To my wife, Kate:
“If you live to be 100, I hope I live to be 100 minus 1 day, so I never have to live without you.”
A A Milne, Winnie the Pooh
One legend of St. Valentine contends that he was a priest in third century Rome. Emperor Claudius 11 outlawed marriage because single men made better warriors. Valentine, however, continued to perform marriages in secret. When the Emperor discovered what Valentine was doing he ordered that Valentine be put to death. Whilst awaiting execution, so the story goes, he fell in love with the jailor's blind daughter. His love and belief in God cured her blindness and, when he was taken to be killed on 14 February, he sent her a love letter signed "from your Valentine".
Others claim that the Christian church decided to celebrate the feast of Valentine in an effort to 'christianise' the celebrants of the Lupercalia, a pagan festival that celebrated purification and fertility. It was held in mid-February.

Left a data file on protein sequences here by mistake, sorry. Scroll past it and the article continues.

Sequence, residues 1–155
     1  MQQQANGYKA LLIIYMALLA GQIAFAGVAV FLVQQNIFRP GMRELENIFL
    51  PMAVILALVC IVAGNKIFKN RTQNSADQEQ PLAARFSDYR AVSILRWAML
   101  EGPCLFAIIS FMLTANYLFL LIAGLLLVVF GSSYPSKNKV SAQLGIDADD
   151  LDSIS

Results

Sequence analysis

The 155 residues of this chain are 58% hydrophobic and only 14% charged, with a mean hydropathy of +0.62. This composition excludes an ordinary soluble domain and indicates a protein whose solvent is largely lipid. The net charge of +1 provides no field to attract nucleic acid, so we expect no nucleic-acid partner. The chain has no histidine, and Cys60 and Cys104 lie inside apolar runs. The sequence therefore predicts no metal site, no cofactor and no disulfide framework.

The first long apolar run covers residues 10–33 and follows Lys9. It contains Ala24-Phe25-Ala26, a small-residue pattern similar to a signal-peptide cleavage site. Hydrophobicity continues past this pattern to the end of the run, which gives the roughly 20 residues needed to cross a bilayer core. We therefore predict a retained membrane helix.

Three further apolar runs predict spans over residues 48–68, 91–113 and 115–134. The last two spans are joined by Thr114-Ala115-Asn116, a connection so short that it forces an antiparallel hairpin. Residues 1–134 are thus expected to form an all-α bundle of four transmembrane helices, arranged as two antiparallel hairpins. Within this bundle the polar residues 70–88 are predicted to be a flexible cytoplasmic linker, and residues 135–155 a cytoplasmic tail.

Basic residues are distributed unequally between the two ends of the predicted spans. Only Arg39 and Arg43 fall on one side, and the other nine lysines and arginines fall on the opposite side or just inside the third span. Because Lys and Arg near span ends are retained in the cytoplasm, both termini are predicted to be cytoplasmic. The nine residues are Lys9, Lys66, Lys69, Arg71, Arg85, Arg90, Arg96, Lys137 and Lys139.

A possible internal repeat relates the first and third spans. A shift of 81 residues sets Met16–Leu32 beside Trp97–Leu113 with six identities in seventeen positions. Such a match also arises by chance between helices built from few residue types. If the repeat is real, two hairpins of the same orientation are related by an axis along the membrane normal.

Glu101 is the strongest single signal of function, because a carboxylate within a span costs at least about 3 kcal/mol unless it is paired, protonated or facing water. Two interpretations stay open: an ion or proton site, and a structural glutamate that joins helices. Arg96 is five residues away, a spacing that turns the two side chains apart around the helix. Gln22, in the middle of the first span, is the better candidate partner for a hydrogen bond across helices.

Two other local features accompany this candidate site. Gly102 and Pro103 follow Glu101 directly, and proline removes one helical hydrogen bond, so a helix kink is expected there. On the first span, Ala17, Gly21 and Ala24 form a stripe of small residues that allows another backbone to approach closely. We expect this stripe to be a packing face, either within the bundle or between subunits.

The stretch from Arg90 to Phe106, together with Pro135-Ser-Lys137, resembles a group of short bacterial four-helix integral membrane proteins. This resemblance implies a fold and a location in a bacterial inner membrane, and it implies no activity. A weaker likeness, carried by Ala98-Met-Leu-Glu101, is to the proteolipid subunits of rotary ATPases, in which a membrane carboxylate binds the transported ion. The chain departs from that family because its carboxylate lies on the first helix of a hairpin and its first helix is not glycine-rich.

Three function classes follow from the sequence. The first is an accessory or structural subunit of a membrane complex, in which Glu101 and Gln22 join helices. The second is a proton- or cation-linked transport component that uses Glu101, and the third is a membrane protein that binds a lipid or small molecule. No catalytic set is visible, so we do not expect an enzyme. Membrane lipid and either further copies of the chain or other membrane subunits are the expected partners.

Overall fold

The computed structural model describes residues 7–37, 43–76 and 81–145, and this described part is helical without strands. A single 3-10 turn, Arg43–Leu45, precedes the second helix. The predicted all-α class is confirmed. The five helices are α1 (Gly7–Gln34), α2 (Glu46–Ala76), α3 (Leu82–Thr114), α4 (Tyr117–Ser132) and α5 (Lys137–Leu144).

The first Valentine message (apart from that by St Valentine himself) is thought to be a poem from Charles, Duke of Orleans to his wife in 1415. He was captured at the Battle of Agincourt and was imprisoned in the Tower of London to await execution.
Traditionally on Valentine's Day in a leap year - every four years - women can propose marriage to their partner!
Valentine's Day didn't become popular in the UK until the 17th Century. By the 18th Century it was traditional for people to swap handwritten messages of affection. Printed cards soon replaced these, making it easier for people to say "I love you" secretly.
Some of the Valentine cards from the past are inappropriate by today’s standards and sensitivities, creepy and just so wrong. Here are some...